Alexis Coe is a historian and the New York Times bestselling author of  You Never Forget Your First: A Biography of George of Washington, now out in paperback,  and  Alice+Freda Forever: A Murder in Memphis. She has contributed to the New Yorker, the New York Times, The New Republic, and many others, and can often be seen discussing presidential history on MSNBC and the History Channel.

Jennet Conant is the author of the New York Times bestsellers, Tuxedo Park: A Wall Street Tycoon and the Secret Palace of Science that Changed the Course of World War II, and the critically acclaimed 109 East Palace: Robert Oppenheimer and the Secret City of Los Alamos, which won the “Spirit of the West” Literary Achievement Award. Her other books include the bestsellers The Irregulars and A Covert Affair. Her biography of her grandfather, Man of the Hour: James B. Conant, Warrior Scientist, was hailed by the Wall Street Journal as “an outstanding portrait of a technocrat, at work and at home.”

Mary S. Conley is the Associate Acquisitions Editor at University of Missouri Press.

Laura Dassow Walls is Professor Emerita at the University of Notre Dame, where she taught American literature and the history and theory of ecological thought; previously she taught at Lafayette College and the University of South Carolina. Her biography Henry David Thoreau: A Life (Chicago 2017) received Phi Beta Kappa’s Christian Gauss Award and the Los Angeles Times Book Award for Biography. Her other books include the award-winning Passage to Cosmos: Alexander von Humboldt and the Shaping of America (2009); Emerson’s Life in Science: The Culture of Truth (2003); and Seeing New Worlds: Henry David Thoreau and Nineteenth-Century Natural Science (1995). Currently she is working on a literary biography of the American writer Barry Lopez.

Soyica Diggs Colbert is the Idol Family Professor of African American Studies and Performing Arts at Georgetown University.  She has had fellowships from the National Endowment for the Humanities, Woodrow Wilson Foundation, Stanford University, Mellon Foundation, and the Robert W. Woodruff Library. Colbert is an Associate Director at the Shakespeare Theatre Company and the author of  Radical Vision: A Biography of Lorraine Hansberry,  Black Movements, and  The African American Theatrical Body.  She also served as a Creative Content Producer for The Public Theatre’s audio play,  shadow/land. Her research interests span the 19th-21st centuries, from Harriet Tubman to Beyoncé, and from poetics to performance.

Emily Cunningham

Rebecca Donner is the author of the New York Times bestselling book All the Frequent Troubles of Our Days, winner of the National Book Critics Circle Award for Biography and the PEN/Jacqueline Bograd Weld Award for Biography. All the Frequent Troubles of Our Days was a New York Times Critics’ Top Book of 2021, a New York Times Notable Book, and a New York Times Editors’ Choice. It was named one of the 10 Best Books of 2021 by the Wall Street Journal, and was selected as a best book of the year by Time Magazine and The Economist. Donner was a 2018-19 fellow at the Leon Levy Center for Biography, is a two-time Yaddo fellow, and has twice been awarded fellowships by Ucross Foundation. She has taught at Wesleyan University, Columbia University, and Barnard College. She is also the author of two critically acclaimed works of fiction, and was recently named a 2022 Guggenheim Fellow.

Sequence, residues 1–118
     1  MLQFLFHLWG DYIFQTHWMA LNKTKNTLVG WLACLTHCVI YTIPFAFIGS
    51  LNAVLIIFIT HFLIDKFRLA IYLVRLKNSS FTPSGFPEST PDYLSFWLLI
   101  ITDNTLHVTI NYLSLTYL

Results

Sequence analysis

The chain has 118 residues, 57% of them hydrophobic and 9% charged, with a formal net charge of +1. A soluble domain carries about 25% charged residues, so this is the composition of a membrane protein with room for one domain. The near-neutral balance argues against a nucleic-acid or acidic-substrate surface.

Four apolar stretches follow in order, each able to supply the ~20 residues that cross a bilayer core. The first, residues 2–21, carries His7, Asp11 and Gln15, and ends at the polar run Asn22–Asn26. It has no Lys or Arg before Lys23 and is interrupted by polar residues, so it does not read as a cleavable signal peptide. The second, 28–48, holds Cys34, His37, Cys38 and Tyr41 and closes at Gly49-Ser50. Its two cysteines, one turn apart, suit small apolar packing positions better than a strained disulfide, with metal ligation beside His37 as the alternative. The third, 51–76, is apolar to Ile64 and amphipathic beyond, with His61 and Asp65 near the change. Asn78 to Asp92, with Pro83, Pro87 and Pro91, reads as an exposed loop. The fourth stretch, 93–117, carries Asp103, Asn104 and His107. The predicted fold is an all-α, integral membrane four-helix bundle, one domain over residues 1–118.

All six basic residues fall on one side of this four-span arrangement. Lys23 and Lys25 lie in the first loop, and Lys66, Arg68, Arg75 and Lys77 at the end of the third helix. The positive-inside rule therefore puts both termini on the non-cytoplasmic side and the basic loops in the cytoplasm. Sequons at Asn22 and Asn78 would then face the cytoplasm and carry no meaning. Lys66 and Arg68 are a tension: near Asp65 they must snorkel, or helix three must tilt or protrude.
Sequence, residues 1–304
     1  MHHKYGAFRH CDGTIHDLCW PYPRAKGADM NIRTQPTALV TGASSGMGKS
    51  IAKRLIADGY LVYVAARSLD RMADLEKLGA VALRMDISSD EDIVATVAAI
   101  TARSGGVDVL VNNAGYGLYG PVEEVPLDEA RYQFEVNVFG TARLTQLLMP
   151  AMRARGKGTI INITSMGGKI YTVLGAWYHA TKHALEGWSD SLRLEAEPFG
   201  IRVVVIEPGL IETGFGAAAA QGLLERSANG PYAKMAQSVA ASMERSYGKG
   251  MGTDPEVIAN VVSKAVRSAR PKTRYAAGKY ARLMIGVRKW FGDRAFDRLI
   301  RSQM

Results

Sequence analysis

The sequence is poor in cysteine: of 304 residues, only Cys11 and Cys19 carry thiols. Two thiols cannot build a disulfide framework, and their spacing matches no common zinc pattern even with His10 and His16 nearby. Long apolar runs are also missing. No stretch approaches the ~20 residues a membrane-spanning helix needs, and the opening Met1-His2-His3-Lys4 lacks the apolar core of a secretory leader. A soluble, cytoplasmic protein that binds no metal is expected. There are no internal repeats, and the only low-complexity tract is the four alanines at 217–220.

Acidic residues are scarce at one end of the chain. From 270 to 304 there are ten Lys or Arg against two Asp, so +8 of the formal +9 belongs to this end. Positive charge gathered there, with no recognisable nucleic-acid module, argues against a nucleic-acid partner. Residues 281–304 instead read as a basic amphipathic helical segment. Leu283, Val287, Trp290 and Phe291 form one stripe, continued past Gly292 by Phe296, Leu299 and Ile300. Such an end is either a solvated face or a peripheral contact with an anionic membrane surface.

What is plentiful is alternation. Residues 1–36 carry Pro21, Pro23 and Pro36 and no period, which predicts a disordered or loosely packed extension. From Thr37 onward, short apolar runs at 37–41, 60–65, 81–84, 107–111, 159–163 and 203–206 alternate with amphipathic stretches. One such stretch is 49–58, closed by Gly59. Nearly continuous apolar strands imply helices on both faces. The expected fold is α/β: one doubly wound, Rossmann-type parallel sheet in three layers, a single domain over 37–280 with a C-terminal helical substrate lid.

Jonathan Eig is a former senior special writer for  The Wall Street Journal. He is the author of several books, including two highly acclaimed bestsellers, Luckiest Man: The Life and Death of Lou Gehrig and Opening Day: The Story of Jackie Robinson’s First Season.  And Joyce Carol Oates referred to his book, Ali: A Life, as “an epic of a biography.”

Dr. Ashley D. Farmer is an Associate Professor in the Departments of History and African and African Diaspora Studies at the University of Texas at Austin and the author of  Remaking Black Power: How Black Women Transformed an Era.  Farmer’s scholarship has appeared in numerous venues including  The Black Scholar  and  The Journal of African American History. Her research has also been featured in several popular outlets including  Vibe,  NPR, The Chronicle Review, and the Washington Post. She is currently at work on Queen Mother Audley Moore: Mother of Black Nationalism, the first full-length biography of Moore whose career spanned nearly seventy years.

John A. Farrell is the author of Richard Nixon: The Life, which in 2017 won the PEN America award for best biography and the New York Historical Society book prize for the best volume of American history. It was a finalist for the Pulitzer Prize. In 2001, Farrell published Tip O’Neill and the Democratic Century, which won the D.B. Hardeman Prize for the best book on Congress. His book Clarence Darrow: Attorney for the Damned, won the Los Angeles Times Book Prize for best biography of 2012. He has also received a George Polk Award, a Gerald R. Ford Prize, and White House Correspondents honors for his coverage of the presidency.

Ruth Franklin is a book critic and former editor at  The New Republic. Her first biography,  Shirley Jackson: A Rather Haunted Life (Liveright/W.W. Norton, 2016) won the National Book Critics Circle Award for Biography and was named a New York Times  Notable Book of 2016, a Time magazine top nonfiction book of 2016, and a “best book of 2016” by  the Boston Globe, the  San Francisco Chronicle, NPR, and others. She is the recipient of a Guggenheim Fellowship in biography, a Cullman Fellowship at the New York Public Library, a Leon Levy Fellowship in biography, and the Roger Shattuck Prize for Criticism.